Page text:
“Beloved Sisters,” Germany’s entry for the Oscar for Best Foreign Film, is almost three hours long. It has a wild premise, that the poet Friedrich von Schiller (the author of the words to Beethoven’s “Ode to Joy,” and the namesake of Buffalo’s Schiller Park) spent most of his life in a three-way romance with two beautiful sisters, Charlotte and Caroline von Lengefeld.
Outrageous as it is, “Beloved Sisters” is weirdly compelling. It could be that the movie is so beautiful.
Historic dramas are big, slow targets and a few reviews I peeked at are slamming this film as a “costume drama.” It is better than that. This movie is drenched in beauty, and not of the kitschy TV variety.
It captures the quiet of the 18th century, before boom cars or sound systems. Several times I wished I could stop the movie just to admire it. One scene, for instance, has Charlotte, Caroline, their mother, Schiller and assorted servants picnicking by the burned-out ruins of the family’s abandoned villa. The light changes gradually as night falls, until finally the family is sipping wine by candlelight, to the chirping of crickets. It’s breathtaking.
There is no excuse for a movie being almost three hours long – unless it is “Gone With the Wind.” Still, this movie’s length could work in its favor. You get hypnotized by the beauty, by the tall ceilings, misty gardens and roaring rivers. And so you begin buying into the story.
It takes work to get into it. The start of the film is kind of awkward, with a lot of details thrown at you very quickly. The actresses playing the sisters (Hannah Herzsprung and Henriette Confurius) are excellent, but they look somewhat alike, and I kept mixing them up. It doesn’t help that your eyes keep having to go to the subtitles, a recurring problem throughout the movie.
Once you get your bearings, though, you can’t look away. It’s not only arresting to look at, it’s a tremendous yarn, two girls falling in love with this tempestuous, romantic poet. “I love you both,” Schiller tells them. “Caroline and Charlotte, I love you both.”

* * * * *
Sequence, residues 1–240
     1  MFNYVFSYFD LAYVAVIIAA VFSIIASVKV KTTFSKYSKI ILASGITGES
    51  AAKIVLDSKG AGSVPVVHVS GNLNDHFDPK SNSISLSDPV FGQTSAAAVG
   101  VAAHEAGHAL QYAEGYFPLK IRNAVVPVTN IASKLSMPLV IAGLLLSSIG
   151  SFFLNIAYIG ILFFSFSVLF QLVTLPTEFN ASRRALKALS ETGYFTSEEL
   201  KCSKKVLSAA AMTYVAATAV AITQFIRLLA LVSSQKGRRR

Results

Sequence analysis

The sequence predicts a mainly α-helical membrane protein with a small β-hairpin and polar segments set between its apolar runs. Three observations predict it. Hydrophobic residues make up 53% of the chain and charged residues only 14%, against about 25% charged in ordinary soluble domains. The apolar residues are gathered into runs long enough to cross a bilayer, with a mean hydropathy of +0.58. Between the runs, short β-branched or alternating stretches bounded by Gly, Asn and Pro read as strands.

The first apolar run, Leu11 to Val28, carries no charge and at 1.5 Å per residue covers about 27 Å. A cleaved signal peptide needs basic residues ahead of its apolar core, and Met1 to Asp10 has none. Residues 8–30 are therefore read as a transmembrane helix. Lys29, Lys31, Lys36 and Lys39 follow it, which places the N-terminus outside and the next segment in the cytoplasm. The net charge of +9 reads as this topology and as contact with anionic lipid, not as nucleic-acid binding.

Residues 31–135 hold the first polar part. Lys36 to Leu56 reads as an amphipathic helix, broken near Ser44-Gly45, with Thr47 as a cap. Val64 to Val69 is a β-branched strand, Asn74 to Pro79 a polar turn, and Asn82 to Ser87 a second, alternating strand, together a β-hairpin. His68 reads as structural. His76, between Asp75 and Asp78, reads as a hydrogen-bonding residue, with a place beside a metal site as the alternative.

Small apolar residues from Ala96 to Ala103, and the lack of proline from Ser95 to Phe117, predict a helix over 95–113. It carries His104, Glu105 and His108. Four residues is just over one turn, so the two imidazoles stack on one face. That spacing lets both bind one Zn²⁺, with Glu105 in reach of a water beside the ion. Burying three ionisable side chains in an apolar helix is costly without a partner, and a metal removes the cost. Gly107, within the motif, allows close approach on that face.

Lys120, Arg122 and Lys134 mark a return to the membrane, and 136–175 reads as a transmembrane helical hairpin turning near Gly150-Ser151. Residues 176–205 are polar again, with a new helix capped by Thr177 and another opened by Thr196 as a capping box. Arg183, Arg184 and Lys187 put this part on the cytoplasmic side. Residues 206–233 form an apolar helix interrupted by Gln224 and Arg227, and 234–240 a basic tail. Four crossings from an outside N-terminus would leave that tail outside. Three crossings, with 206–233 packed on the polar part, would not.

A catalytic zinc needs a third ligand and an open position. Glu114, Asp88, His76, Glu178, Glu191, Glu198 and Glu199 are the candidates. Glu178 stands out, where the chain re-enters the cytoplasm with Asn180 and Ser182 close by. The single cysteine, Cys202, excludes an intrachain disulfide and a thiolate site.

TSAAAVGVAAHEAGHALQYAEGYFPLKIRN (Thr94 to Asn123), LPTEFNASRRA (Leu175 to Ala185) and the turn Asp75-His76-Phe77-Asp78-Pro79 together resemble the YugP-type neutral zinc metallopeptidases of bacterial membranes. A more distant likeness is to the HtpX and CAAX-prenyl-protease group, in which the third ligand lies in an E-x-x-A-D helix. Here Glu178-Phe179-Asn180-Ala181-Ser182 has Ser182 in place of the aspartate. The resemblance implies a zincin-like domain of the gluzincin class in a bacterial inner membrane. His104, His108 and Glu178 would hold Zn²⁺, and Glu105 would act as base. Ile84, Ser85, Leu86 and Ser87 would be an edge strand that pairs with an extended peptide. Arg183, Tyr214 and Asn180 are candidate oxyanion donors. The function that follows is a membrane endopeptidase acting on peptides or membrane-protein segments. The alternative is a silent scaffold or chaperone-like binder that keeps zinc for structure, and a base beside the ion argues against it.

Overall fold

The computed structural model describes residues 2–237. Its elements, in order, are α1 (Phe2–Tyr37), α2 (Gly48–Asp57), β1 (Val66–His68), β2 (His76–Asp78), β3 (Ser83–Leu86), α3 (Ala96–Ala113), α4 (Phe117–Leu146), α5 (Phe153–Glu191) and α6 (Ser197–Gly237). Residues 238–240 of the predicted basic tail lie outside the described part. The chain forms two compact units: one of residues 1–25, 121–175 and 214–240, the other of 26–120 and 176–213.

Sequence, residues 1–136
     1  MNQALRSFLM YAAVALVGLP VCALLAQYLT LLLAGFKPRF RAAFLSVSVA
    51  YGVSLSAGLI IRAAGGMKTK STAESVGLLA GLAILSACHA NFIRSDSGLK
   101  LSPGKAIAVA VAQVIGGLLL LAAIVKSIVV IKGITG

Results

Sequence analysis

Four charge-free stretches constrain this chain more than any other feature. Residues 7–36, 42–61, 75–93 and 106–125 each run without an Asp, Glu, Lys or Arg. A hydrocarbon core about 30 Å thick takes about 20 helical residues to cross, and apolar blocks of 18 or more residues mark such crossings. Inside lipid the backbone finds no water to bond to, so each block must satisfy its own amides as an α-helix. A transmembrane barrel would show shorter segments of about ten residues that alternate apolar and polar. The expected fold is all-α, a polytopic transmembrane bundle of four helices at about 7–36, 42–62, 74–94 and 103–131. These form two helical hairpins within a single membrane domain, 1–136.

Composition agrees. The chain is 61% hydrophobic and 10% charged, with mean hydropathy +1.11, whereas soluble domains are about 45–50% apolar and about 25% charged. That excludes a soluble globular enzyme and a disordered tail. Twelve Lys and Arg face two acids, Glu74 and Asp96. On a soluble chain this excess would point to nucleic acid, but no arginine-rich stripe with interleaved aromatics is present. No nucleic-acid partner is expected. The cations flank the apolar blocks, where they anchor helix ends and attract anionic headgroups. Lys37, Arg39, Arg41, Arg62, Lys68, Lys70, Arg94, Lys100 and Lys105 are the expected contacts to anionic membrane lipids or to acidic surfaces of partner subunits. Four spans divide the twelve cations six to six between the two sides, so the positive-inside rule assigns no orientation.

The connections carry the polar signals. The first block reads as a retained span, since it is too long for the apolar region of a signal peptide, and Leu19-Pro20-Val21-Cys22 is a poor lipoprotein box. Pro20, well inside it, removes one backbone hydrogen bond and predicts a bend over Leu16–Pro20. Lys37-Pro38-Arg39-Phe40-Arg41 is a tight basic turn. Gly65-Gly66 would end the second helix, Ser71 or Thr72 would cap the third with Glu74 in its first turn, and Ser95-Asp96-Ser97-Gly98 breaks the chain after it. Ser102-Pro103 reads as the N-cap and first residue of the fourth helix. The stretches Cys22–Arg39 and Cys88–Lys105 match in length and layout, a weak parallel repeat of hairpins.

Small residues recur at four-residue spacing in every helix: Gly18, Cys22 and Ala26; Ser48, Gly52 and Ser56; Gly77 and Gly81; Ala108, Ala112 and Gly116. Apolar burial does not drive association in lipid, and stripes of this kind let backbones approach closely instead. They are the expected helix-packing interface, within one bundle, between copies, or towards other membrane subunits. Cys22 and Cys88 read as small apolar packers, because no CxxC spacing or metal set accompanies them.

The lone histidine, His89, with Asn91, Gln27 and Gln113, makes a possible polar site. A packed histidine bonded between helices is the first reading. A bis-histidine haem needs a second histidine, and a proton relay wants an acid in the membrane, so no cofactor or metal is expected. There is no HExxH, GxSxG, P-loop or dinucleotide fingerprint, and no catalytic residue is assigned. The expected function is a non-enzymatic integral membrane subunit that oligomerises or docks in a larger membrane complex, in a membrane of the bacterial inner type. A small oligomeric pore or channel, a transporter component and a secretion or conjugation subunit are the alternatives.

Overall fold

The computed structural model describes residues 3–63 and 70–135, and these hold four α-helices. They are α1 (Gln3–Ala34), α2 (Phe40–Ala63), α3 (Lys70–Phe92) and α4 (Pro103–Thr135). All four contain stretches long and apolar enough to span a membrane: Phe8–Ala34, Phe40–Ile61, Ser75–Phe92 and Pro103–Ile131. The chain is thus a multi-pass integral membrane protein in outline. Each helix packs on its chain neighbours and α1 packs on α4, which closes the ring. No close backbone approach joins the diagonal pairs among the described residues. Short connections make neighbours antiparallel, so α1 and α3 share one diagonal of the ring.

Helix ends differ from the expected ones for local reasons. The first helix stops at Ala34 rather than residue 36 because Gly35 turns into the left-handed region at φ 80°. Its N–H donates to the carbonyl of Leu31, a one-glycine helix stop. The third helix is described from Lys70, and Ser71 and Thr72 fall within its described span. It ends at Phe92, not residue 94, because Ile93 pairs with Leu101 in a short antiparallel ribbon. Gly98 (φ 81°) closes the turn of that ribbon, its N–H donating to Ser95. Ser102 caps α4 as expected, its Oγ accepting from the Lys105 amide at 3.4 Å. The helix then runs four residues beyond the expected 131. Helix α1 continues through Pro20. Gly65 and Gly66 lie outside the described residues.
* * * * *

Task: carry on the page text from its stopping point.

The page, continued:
Schiller is a dream of a bohemian, a skinny charmer who lives in a picturesque series of garrets and isn’t above bedding a patron’s wife. But you sense his joy in his writing and – especially in one glorious scene – his teaching. Movies about artists usually can’t capture genius, and “Beloved Sisters” does better than most.
A surprisingly compelling character emerges in the girls’ widowed mother (Claudia Messner). She can be gruff and manipulative as she tries to marry her daughters off to keep the family afloat. But at the end of this tangled drama, she was the one who loved the best. She was the wisest among all the characters.
Other German poets make cameo appearances. Goethe shows up, and it’s cute how you never get a good look at him. So does Körner, whom a classical music nerd like me will recognize as the author of the words to Schumann’s beautiful “Körner Lieder.” (For fans of German lieder, the movie takes on a new dimension. You know these guys. You know their work.)
Like “Bright Star,” the 2009 movie about British poet John Keats, “Beloved Sisters” puts you into a different time zone, the unhurried era of the 18th century. But in some ways the movie is too ambitious for its own good.
Some things were confusing. Other things could have been edited. Childbirth and sex scenes are too graphic. (This movie isn’t for kids.) And while I loved the leisurely scenes of lovely handwriting, we didn’t need all those scenes of the burgeoning printing industry. The printing business leads to a lengthy exploration of the horrors of the French Revolution, which in turn is likened, unfairly, to the Inquisition. No one who brings up the Inquisition ever knows the first thing about it.
Speaking of religion, cursory research into Schiller reveals that he grew up in a very religious home and had considered becoming a clergyman. He wrote tragedies about Mary Stuart and Joan of Arc. If the rumors of this twisted three-way romance are true – and they have swirled for years – it was a much more complicated situation than could be dealt with on screen, even over the course of three hours.
The best thing to do, then, seems to be to take “Beloved Sisters” as fiction, and hope that too many people do not accept it as fact.
Enjoy it for what it offers – poetic license.
Starring: Hannah Herzsprung, Henriette Confurius, Florian Stetter
Director: Dominik Graf
Running time: 170 minutes
Rating: Unrated, but R equivalent for sexual situations and brief nudity. In German and French with subtitles.
The Lowdown: The story of poet Friedrich von Schiller’s romance with two beautiful sisters.